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Theresienstadt ghetto-labor camp scrip, 50 [funfzig] kronen note

Object | Accession Number: 2013.391.3

Scrip, valued at 50 kronen, issued in Theresienstadt (Terezin) ghetto-labor camp acquired by Eva and Zvi Schloss, postwar for their collection. All currency was confiscated from deportees upon entry and replaced with scrip and ration coupons that could be exchanged only in the camp. The Theresienstadt camp existed for 3.5 years, from November 24, 1941 to May 9, 1945. It was located in a region of Czechoslovakia occupied by Germany, renamed the Protectorate of Bohemia and Moravia, and made part of the Greater German Reich. Zvi Schloss, age 10, fled Nazi Germany, with his parents, Meier and Ilse, around 1935, after his father was released from Dachau where he was interned from 1933-1935. Eva Geiringer, age 9, and her parents, Erich and Fritzi, and brother Heinz fled Vienna, Austria, in 1938 for Amsterdam. It was occupied by Germany in 1940 and, in 1942, the family went into hiding. They were denounced in May 1944 and deported to Auschwitz-Birkenau. In January 1945, the SS began evacuations and Erich and Heinz were sent on a forced march. Eva and Fritzi were in the camp when Soviet troops arrived. Eva and her mother returned to Amsterdam. In August 1945, they received a Red Cross letter telling them that Erich and Heinz had perished.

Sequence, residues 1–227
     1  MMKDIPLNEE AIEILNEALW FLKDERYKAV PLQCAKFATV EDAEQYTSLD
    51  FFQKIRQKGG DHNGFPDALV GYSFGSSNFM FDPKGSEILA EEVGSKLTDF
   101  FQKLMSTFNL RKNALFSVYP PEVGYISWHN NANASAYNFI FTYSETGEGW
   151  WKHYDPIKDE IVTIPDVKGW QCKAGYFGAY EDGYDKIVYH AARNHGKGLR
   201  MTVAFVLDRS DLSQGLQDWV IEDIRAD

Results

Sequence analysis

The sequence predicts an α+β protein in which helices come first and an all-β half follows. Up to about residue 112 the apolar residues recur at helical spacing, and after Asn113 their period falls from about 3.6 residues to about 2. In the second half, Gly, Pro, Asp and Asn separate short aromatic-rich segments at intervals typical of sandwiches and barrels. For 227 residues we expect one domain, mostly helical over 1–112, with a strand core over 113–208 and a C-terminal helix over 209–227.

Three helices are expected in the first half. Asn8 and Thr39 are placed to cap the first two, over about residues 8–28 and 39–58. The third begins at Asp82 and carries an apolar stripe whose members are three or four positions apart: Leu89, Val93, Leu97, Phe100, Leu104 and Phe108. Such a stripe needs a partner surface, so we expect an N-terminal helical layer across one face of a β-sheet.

issue:  1943 January 01
issue: Theresienstadt (Concentration camp); Terezin (Ustecky kraj, Czech Republic)
Exchange Media
Object Type
Scrip (aat)
Credit Line
United States Holocaust Memorial Museum Collection, Gift of Eva and Zvi Schloss
Record last modified: 2021-02-10 08:59:27
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